Saturday, May 11, 2013

The Dark Side of Peacekeeping

When I was on the Joint Staff on the Bosnia desk, we knew that American contractors were participating in the trafficking of women.  That would be Dyncorp, which the US still relies upon for private military contracting.  The wiki page is pretty darned instructive and refers to a woman who blew the whistle on Dyncorp, on the International Police Task Force that was supposed to be training the Bosnian police, and on the UN and NATO for ignoring the human trafficking. 

The woman, Kathryn Bolkovac, was portrayed in the movie, Whistleblower, by Rachel Weisz that I watched last night. They used a fake name for Dyncorp, but I recognized it easily enough.  The movie makes it clear that one of the consequences of deploying peacekeepers, police trainers and others to a post-conflict zone is to create a market for prostitution.  There was plenty of organized crime that developed during the war that then took advantage of the demand and provided the supply via girls and women.  Indeed, the UN Peacekeepers that preceded the NATO mission did much to enrich the criminals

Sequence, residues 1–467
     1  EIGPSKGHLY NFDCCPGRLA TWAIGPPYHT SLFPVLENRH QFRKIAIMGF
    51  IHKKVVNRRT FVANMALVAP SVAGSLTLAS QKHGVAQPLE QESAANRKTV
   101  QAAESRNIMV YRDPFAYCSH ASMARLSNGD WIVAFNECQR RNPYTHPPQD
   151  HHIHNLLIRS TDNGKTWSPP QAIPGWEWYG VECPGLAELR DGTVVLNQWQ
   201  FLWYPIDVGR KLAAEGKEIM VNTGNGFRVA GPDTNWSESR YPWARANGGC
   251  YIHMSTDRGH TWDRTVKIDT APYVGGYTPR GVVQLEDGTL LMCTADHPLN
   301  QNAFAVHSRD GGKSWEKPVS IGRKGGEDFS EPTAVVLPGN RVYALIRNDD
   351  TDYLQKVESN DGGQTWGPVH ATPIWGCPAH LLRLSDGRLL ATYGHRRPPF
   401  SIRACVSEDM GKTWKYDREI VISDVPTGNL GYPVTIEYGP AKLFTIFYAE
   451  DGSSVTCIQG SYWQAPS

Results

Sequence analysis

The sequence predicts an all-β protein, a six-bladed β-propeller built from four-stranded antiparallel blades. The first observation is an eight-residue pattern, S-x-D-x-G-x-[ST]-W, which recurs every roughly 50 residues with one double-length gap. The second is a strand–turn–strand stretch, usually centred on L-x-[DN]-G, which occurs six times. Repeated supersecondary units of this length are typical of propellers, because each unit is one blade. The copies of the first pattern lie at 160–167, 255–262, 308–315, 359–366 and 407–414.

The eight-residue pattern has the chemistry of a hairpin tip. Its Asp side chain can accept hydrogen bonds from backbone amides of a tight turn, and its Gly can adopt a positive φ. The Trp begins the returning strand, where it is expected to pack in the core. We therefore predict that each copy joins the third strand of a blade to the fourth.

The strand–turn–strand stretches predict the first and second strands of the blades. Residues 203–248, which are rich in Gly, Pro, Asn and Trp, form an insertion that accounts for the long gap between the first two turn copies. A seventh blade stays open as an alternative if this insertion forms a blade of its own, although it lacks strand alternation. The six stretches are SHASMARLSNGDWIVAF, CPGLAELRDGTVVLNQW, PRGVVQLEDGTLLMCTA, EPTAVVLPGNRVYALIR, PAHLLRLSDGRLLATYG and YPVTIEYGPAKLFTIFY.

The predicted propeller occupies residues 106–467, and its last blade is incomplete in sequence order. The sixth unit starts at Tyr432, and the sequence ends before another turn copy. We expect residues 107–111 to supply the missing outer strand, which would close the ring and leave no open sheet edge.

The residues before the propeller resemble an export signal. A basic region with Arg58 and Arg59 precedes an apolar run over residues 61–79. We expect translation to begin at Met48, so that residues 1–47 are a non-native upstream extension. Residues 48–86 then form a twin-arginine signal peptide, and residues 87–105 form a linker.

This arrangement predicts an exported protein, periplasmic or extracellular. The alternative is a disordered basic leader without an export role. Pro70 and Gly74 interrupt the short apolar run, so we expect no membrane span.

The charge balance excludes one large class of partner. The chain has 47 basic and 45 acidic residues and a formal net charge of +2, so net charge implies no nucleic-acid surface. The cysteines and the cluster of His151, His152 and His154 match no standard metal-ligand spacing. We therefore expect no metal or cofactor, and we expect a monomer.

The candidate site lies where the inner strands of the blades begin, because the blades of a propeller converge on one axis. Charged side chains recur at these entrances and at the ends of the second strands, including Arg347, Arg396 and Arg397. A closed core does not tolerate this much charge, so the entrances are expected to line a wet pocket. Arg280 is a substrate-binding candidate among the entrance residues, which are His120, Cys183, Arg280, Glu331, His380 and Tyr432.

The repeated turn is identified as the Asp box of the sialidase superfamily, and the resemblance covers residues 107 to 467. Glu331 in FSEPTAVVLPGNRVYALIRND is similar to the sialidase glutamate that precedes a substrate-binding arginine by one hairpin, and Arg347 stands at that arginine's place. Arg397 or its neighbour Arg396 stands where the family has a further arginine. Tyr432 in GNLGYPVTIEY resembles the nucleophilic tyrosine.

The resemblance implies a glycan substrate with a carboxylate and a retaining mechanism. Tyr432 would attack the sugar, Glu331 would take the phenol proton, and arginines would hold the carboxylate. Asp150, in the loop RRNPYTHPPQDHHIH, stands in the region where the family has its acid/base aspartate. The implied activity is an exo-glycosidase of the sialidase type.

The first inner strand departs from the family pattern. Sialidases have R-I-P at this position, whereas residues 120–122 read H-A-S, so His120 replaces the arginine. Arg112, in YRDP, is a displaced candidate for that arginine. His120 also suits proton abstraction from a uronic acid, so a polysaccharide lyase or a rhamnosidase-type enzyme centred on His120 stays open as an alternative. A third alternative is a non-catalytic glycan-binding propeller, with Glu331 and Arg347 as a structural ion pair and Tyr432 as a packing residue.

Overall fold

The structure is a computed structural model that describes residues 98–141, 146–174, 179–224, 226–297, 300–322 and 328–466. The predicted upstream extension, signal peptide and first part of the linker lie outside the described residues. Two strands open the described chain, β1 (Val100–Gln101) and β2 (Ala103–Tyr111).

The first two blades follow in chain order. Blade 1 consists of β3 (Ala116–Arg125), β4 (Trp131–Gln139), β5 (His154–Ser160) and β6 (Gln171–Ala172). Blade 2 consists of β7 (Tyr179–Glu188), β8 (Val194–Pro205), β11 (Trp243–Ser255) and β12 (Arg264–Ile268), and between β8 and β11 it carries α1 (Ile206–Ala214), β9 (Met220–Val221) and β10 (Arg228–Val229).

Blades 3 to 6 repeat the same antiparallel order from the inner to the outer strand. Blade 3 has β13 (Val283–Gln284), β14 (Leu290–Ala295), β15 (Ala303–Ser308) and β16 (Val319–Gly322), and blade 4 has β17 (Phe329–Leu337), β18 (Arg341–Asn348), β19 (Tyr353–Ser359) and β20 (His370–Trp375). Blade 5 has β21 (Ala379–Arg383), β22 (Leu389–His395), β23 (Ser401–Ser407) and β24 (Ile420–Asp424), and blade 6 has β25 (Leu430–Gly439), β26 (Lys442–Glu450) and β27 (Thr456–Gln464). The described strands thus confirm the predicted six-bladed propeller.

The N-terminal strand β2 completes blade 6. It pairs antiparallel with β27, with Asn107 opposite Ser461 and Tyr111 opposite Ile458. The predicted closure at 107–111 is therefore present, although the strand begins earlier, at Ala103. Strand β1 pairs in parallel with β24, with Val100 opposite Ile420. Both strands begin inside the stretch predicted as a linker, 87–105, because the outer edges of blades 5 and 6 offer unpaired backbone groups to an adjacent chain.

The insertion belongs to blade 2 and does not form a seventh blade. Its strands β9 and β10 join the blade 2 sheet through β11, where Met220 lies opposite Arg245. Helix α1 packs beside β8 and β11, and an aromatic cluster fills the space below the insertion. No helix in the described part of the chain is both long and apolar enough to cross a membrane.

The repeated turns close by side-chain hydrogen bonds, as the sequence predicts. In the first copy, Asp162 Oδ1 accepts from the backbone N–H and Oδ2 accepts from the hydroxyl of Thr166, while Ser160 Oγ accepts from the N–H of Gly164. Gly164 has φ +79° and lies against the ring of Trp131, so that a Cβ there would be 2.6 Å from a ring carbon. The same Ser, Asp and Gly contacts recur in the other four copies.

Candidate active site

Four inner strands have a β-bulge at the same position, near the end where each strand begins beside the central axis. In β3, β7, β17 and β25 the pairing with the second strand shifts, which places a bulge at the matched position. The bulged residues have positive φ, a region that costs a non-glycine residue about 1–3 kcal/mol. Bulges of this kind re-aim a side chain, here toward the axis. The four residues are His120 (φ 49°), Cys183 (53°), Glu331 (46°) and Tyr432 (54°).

While the UN and NATO did not deliberately support human trafficking, they tended to cover it up, apparently, so that their missions would not be tainted.   It was certainly the case that individuals serving in these missions employed the prostitutes and even abetted the organized criminals.  Truly awful for organizations aimed at helping people to tolerate and even abet the impunity of the criminals.

I guess the upside to a highly kinetic war where there is pretty strict gender segregation might mean that there is less of this in Afghanistan, but I would not bet much on it. 

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